Driver curfew for P-platers


Sunday 18 July 2004

THE distraught parents of a young P-plater killed in a late night crash last week have called for a curfew and vehicle curbs for teenage drivers.

Warren and Val Abbott, of Silverdale, said stricter laws were needed for young drivers so their son and his mates did not die in vain.

Warren Abbott Jnr, 17, and Danny Vandervolk, 18, died when a high-powered Holden Calais they had borrowed for a joy ride hit a tree at high speed in Sydney's outer south-west around 11.30pm last Monday.

Their deaths occurred the day after The Sunday Telegraph launched a campaign to save young lives with a night curfew and other restrictions on P-plate drivers. Only two years ago, four of their friends were killed on the same road.

"A curfew is a start. I know people say it's an inconvenience, but life's full of inconveniences and what's more important than somebody's life," said Mr Abbott, as he cradled a picture of his son. "They should limit the power of the cars. They do it with motorbikes. Why not cars?"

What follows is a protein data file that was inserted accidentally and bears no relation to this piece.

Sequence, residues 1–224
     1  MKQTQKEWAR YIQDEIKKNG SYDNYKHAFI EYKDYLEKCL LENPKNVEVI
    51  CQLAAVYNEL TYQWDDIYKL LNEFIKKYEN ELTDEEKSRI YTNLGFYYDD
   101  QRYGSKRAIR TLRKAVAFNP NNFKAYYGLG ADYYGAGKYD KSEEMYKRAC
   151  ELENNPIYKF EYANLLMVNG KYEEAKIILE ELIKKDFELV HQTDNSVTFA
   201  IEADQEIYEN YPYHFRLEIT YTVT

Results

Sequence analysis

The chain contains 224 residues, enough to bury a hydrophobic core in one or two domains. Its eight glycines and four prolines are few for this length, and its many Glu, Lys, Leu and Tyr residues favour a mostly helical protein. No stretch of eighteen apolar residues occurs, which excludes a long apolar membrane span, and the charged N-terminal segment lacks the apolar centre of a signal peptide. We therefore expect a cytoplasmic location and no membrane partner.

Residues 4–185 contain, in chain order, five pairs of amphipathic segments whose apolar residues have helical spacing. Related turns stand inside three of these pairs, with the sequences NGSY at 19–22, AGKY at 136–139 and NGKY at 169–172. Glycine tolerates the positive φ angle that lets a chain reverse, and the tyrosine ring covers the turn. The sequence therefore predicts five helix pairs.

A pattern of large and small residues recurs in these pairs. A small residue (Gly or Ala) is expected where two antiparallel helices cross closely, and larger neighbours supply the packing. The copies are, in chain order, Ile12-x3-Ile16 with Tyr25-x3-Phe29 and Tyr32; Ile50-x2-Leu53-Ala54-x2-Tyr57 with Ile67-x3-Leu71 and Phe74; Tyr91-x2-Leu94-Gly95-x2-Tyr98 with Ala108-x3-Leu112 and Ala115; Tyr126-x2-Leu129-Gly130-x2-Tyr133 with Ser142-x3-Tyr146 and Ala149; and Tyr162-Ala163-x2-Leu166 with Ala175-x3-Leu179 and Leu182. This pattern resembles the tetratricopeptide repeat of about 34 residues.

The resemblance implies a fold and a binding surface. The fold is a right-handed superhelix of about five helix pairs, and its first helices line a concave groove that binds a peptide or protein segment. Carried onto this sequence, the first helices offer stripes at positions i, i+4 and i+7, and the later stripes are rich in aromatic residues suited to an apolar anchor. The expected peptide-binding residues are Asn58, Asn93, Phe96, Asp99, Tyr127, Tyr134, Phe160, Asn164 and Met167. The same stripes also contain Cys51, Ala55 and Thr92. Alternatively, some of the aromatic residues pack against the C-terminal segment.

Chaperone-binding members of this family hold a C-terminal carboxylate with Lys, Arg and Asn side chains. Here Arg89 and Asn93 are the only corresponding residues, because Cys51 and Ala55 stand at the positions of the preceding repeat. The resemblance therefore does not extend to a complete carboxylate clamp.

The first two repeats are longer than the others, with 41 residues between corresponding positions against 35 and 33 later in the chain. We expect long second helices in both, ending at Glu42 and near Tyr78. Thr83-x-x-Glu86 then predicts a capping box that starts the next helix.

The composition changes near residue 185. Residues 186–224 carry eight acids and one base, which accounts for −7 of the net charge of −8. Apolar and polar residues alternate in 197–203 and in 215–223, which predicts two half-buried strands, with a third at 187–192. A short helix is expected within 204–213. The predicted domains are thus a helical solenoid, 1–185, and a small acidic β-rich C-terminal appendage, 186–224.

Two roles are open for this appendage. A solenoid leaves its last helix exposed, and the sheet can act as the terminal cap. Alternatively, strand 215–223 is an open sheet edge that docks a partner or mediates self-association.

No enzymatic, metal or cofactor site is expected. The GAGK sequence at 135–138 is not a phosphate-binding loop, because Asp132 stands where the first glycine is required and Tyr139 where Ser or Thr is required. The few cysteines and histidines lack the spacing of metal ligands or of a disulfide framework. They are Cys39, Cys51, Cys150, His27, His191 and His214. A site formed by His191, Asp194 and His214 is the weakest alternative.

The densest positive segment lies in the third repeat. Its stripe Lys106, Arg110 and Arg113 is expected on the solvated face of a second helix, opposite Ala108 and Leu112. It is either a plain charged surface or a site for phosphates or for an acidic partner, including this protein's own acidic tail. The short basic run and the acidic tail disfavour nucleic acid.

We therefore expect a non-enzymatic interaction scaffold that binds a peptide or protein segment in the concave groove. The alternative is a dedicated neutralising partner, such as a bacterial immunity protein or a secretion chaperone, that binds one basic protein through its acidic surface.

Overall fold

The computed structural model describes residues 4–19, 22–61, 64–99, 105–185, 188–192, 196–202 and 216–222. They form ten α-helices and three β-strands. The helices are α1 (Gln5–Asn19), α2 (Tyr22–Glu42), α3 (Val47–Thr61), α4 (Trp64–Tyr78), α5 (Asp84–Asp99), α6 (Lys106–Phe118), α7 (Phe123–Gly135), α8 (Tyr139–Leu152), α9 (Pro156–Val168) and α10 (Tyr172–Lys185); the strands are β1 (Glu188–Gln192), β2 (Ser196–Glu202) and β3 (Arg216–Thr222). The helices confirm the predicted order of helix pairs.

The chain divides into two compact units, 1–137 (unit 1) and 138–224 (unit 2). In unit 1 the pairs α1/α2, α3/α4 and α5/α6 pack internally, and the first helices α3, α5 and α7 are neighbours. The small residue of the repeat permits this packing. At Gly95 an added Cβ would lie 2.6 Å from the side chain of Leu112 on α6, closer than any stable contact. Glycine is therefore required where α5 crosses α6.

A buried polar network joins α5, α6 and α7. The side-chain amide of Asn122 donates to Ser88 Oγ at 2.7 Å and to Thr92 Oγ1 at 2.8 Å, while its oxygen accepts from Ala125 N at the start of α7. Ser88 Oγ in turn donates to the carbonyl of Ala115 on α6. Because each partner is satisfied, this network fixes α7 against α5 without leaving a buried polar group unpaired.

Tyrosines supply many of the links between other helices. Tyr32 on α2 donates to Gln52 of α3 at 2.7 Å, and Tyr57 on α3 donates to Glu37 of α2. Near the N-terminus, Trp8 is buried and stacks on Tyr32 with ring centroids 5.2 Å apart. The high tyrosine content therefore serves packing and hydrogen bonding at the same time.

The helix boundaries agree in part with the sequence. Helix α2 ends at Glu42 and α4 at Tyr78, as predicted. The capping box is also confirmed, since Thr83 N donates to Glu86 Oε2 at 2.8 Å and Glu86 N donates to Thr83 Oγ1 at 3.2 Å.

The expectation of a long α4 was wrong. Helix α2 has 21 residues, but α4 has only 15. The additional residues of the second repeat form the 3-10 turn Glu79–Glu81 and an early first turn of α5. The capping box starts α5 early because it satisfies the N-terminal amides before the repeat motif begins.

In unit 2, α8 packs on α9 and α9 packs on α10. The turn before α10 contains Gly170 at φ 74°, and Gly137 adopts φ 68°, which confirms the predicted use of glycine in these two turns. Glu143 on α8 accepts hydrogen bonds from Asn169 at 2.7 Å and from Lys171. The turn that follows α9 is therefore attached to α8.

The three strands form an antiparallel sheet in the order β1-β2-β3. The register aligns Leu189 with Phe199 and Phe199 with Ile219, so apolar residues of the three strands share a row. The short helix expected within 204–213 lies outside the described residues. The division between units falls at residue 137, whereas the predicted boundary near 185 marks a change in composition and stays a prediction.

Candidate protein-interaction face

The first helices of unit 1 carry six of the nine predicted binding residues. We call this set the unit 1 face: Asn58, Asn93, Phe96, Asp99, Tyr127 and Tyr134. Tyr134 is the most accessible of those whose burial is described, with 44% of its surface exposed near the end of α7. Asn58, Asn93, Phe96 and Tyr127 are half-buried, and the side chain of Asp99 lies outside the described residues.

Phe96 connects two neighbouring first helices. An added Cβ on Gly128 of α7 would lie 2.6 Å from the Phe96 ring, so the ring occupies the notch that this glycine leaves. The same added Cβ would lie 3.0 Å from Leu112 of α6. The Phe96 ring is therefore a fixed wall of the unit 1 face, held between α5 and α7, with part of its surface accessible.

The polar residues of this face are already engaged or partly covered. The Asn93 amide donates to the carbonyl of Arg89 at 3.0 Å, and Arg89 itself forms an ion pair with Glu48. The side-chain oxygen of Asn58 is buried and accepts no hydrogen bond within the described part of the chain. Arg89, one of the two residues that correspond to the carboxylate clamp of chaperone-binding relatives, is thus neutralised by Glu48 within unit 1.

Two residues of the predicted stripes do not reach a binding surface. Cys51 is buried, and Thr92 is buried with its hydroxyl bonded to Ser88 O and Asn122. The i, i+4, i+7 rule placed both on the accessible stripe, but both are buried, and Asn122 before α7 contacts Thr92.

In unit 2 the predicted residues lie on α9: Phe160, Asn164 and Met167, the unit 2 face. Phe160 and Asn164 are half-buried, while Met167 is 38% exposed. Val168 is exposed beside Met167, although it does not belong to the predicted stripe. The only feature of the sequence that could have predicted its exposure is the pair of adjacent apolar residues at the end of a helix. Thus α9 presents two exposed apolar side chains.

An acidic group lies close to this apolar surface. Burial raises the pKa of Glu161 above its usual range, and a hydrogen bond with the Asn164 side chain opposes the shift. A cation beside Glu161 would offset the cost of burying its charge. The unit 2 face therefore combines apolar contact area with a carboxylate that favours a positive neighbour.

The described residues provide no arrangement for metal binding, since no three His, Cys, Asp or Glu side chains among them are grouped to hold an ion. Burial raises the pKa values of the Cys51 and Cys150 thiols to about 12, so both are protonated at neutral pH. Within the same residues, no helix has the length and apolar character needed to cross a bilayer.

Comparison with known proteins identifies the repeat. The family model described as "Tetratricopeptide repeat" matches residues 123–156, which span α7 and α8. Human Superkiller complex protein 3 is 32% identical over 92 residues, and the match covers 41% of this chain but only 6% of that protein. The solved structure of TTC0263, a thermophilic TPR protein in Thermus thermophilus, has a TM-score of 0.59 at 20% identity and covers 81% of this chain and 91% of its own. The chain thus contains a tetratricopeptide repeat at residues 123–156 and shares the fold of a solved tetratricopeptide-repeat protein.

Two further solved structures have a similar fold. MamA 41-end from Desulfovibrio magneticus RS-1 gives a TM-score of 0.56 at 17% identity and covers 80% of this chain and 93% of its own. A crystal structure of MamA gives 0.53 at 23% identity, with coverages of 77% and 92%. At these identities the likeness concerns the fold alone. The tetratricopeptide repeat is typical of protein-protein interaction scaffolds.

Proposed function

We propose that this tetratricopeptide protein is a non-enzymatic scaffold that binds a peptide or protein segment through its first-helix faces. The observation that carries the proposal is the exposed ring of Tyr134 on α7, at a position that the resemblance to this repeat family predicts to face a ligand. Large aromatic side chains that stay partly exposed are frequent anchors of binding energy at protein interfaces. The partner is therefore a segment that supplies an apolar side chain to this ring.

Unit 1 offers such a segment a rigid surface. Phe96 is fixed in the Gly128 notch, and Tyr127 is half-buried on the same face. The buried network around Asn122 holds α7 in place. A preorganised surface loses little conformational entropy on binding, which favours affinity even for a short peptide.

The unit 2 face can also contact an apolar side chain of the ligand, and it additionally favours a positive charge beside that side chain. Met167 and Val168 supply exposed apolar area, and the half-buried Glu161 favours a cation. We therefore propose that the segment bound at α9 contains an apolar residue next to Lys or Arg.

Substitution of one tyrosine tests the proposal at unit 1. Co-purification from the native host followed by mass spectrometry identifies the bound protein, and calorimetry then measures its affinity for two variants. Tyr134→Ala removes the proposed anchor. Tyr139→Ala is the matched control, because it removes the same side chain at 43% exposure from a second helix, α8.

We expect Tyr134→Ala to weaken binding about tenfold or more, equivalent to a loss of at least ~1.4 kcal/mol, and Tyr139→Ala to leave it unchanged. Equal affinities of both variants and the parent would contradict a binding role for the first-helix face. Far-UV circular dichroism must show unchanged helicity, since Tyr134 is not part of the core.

He said he would like to see computer chips on licences linked to engine speed-limiters. Young drivers would then have to swipe the licence before starting the car, setting a maximum speed.

Crashes have claimed eight local lives in two years. Almost everybody in Silverdale knows someone who has died.

Police cannot say who was driving on Monday, such was the force of the accident.

Support is growing for added restrictions on P-platers, with a new survey showing most people support a curfew and curbs on the number of passengers young drivers can carry.

The survey, commissioned by the Pedestrian Council of Australia, found 53 per cent agreed with a 10pm to 5am curfew, while 54 per cent agreed with passenger restrictions on P-Platers.

NSW Opposition Leader John Brogden said he supported passenger restrictions and moves to limit the power-weight ratio of cars P-platers are allowed to drive.

NSW Roads Minister Carl Scully said he would consider restricting the type of cars P-platers could drive, if road safety experts could show there would be a benefit.